I have a 1969 vw beetle with an auto stick transmission that I bought from a guy at work that had set in his barn for about 20 years.  I was thinking about changing the transmission fluid,can I unhook the hose from the atf cannister at the bottom of the cannister in a pan of new atfluid and then the one that was screwed into the top of the filler stem into a pan to drain the old stuff out and run it untill I see clean fluid running out. Will this work??? If it will work do I need the car jacked up with the transmission in gear running???  Also I was going to put a temp,pressure,and amp gauges in, can I screw the temp gauge sensor in the oil drain plug hole???  and if if these things will work and i'm not talking out of my butt , what should the temp be and also the oil pressure???   Where can I find the size of all the fitting so I can get extra fittings to extend the hoses  and put an inline gauge to measure the pressure being pumped threw the auto stick  Thanks, Paul

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Old_Paint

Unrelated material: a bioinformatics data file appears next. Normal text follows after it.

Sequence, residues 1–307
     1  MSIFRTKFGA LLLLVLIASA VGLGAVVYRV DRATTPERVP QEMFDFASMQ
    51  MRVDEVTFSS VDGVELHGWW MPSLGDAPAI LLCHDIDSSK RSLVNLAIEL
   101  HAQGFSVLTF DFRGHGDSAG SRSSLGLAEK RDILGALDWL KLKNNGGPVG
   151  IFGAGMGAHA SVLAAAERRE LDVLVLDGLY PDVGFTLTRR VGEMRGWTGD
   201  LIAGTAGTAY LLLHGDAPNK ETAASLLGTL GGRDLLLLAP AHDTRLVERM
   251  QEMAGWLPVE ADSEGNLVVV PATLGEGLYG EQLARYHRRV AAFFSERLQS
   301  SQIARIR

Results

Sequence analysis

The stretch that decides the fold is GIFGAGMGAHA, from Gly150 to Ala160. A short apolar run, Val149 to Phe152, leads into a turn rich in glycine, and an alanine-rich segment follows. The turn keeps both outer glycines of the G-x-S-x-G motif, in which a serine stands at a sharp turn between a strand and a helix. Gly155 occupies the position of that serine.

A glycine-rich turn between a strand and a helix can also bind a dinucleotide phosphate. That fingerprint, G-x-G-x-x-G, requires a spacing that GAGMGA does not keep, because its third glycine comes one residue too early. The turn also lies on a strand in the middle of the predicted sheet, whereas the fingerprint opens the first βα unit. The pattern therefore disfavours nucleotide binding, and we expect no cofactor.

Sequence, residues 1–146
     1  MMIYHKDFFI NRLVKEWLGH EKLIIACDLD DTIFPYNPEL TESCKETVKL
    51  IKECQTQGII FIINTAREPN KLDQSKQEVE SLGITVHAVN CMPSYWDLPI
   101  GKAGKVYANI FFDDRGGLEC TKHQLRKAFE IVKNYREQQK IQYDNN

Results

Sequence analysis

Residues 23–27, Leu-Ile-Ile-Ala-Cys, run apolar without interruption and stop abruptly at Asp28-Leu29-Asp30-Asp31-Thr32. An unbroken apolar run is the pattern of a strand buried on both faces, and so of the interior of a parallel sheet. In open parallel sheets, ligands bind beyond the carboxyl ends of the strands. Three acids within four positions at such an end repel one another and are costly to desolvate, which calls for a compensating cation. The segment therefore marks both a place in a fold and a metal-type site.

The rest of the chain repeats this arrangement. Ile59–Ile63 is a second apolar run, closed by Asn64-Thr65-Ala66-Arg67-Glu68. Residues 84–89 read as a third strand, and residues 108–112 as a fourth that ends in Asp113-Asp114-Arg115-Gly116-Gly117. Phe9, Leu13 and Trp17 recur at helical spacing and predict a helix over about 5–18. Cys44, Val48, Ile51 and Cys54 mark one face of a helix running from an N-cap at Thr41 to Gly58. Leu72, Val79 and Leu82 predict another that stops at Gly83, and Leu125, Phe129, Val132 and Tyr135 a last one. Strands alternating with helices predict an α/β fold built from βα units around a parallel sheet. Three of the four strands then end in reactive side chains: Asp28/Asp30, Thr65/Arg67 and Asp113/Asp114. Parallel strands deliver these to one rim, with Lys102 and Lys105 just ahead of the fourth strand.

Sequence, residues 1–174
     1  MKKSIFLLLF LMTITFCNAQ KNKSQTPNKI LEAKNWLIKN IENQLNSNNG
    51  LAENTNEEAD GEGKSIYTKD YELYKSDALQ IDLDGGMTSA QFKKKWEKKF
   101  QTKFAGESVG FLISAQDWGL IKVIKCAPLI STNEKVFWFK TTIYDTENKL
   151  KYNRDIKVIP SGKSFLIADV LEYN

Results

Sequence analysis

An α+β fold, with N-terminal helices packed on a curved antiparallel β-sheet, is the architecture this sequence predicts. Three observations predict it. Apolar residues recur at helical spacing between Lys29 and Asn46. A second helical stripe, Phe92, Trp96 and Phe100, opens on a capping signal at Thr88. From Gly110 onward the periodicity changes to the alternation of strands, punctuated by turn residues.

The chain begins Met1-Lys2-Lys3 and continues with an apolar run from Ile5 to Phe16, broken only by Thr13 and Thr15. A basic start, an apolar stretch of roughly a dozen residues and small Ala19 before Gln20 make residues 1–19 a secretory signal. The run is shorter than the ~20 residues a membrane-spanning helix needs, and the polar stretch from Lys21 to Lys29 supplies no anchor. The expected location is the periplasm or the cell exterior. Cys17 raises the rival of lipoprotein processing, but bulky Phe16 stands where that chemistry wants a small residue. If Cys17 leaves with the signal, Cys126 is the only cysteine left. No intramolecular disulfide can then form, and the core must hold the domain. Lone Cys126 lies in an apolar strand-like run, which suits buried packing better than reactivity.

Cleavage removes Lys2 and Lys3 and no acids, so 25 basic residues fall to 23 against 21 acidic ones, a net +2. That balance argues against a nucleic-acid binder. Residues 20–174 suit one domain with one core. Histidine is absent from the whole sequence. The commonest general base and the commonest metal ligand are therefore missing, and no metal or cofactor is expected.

Don't know much about the Auto-Sticks, but rest assured, if the fittings are threaded into the case, they'll be metric pipe threads, not machine threads.  I.E., they will be tapered threads.  The only thing I could suggest would be to take one of the old fittings off, go to your local parts house, use a thread checker to get the basic size and pitch, then start hunting down pipe threaded fittings.  Most of the newer imports also use metric pipe threads for most pressure/flow connections, so it shouldn't be too difficult to find SOMETHING that will work.  The good thing about our little pregnant skates is that most everything is fairly low pressure and pretty easy to seal up.  I run an external cooler (about 10x the cooling capacity of the original) on my engine because of mods.  I lost one of the hose nipples somehow while installing it, but managed to find another pretty easily.  Not a drop has EVER leaked with simple hose clamps holding the lines on.  It may be possible to visit a local industrial supply company for some metric pipe parts too.
 
I didn't answer your question about the procedure, but hopefully answered some about parts.  The beauty of our little cars is they lend themselves very easily and readily to modifications and retro-mods without upsetting original design too much.  Funny, I think this was the whole objective in 1939.
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